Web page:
Monday, May 28, 2012

Dole Plantation: Pineapple Variety Garden

The Pineapple Variety Garden is free to visit.
Sectioned to grow a variety of pineapples and at various stages of growth.
(above photos: TheHopefulTraveler)
This is one of a series of posts about the Dole Planation visitor attraction.

One of the free things to do at Dole Plantation is the Pineapple Variety Garden. It educates the public that pineapples (or bromeliads) come in other forms. The photo above names other varieties of pineapple but the smooth cayenne is the one that is grown commercially.

Another sign in the garden answers some Q&As about pineapples including:
Q: How long does it take for a pineapple plant to produce fruit?
A: About 20 months for the first fruit and another 14-15 months for the second fruit.

Q: How many crops do you harvest per cycle?
A: Two crops in 4 years or 3 crops in 5 years. After the last crop is harvested, the field is knocked down and a new cycle begins, starting with land preparation.

Q: Why is the soil so red?
A: The red color is caused by decomposed volcanic ash resulting in oxidized iron in the soil. It is good soil for pineapple.

Q: What is used as planting material?
A: The crown of the fruit or slip that grows on the stem of the fruit.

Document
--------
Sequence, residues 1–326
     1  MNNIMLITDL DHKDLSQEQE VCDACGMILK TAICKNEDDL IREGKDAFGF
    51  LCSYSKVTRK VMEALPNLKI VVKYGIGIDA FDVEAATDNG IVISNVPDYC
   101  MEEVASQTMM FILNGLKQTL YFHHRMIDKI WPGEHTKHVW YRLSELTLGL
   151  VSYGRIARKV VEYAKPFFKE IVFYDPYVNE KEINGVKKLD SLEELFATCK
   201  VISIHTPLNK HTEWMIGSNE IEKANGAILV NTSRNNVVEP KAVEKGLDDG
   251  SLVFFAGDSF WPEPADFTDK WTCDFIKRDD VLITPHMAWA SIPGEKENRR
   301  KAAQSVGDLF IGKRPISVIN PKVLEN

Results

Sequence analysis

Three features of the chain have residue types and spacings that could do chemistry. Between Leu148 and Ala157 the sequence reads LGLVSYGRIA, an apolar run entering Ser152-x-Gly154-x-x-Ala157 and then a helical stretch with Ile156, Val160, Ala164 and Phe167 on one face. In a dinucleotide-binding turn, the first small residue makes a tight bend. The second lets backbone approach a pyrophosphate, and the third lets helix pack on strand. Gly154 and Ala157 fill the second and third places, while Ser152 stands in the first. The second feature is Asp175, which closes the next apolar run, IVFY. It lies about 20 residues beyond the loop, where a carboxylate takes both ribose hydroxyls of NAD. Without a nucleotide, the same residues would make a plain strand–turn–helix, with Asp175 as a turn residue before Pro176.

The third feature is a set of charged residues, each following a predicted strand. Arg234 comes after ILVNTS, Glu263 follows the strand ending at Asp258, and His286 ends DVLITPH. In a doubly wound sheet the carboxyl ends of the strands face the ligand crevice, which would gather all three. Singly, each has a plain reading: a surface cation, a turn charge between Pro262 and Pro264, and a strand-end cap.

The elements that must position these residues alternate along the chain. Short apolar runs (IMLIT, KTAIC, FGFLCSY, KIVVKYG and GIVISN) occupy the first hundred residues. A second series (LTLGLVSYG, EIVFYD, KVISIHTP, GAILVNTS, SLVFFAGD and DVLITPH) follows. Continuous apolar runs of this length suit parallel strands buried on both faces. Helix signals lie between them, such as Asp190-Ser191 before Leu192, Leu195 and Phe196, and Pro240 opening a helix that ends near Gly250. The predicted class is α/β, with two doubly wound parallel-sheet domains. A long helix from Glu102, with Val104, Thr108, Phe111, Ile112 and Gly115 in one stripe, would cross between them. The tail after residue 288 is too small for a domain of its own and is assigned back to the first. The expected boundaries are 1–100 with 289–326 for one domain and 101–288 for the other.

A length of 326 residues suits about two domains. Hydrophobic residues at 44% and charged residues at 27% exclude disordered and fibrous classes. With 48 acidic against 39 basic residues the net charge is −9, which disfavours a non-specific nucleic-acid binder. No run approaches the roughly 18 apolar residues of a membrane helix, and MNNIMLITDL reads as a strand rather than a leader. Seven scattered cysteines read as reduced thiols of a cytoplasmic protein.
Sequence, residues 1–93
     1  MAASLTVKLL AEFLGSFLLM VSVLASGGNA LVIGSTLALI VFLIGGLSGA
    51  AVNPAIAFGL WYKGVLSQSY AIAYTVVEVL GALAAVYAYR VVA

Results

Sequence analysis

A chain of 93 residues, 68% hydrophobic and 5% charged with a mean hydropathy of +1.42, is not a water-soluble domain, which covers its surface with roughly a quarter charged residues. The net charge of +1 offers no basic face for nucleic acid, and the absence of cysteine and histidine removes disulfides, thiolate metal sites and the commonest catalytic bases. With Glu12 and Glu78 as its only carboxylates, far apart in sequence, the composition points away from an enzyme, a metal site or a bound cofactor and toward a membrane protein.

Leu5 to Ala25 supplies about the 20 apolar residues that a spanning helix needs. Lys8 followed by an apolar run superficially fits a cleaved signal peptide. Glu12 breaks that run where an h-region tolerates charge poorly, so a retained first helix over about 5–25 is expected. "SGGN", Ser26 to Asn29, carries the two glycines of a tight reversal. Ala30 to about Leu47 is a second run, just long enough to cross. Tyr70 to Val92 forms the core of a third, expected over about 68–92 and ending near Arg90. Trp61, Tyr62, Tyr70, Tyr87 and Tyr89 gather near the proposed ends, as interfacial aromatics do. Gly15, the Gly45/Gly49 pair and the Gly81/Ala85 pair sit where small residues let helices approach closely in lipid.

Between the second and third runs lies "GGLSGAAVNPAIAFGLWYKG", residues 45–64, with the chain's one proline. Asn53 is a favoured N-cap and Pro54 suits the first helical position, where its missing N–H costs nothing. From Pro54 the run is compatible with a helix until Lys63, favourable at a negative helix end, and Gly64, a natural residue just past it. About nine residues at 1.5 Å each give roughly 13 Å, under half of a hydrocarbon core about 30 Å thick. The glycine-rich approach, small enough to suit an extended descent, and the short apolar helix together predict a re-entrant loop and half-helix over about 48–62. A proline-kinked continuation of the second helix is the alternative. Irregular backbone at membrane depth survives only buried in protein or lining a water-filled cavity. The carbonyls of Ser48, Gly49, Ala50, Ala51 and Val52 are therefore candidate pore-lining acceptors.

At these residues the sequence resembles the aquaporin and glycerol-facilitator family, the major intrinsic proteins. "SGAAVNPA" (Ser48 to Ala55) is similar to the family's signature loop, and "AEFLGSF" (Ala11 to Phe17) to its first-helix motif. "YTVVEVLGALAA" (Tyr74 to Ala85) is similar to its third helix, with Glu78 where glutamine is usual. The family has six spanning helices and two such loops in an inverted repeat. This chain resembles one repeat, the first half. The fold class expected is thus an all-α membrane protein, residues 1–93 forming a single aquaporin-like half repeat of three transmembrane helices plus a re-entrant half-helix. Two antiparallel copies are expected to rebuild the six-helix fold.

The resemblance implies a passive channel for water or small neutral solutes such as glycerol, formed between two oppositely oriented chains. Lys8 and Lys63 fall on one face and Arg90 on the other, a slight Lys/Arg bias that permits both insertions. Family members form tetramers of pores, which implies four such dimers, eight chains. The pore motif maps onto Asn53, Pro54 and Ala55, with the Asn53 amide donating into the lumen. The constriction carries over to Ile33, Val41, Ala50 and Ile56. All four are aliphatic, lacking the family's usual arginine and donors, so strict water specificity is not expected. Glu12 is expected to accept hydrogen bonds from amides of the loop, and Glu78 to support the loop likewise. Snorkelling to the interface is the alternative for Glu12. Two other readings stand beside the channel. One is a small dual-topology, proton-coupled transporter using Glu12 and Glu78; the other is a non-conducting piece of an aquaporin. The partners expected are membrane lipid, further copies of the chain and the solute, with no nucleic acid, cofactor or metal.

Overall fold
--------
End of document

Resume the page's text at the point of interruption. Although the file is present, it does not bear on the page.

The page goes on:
Q: How many plants are planted per acre?
A: A working pineapple plantation will plant between 27,000 and 33,000 plants per acre.

Q: What happens to a Wahiawa pineapple once it's picked?
A: About 60%-70% are sold and eaten fresh, many of these right here at Dole Plantation. The rest are processed and sent farther afield for the rest of the world to enjoy.

At the far end of the garden is a fish pond. For a few cents, guests can buy feed for the fish. Visit for more information. Hours: 9:30am-5:30pm daily (closed on Christmas Day).

The pineapple belongs to the bromeliad family of plants. These are
a decorative variety of the plant.
The Cosmosus Prozenas pineapple from South America.
The more recognizable variety of Pineapple (smooth cayenne).

The maze, tropical garden and train ride surround the Pineapple
Variety Garden.
Sign in the in the garden showing the distance to local and
international destinations.
The fish pond at the end of the garden.
Visitors can feed the fish. Feed dispensers located next to the pond's
viewing platform.
(above photos: TheHopefulTraveler)


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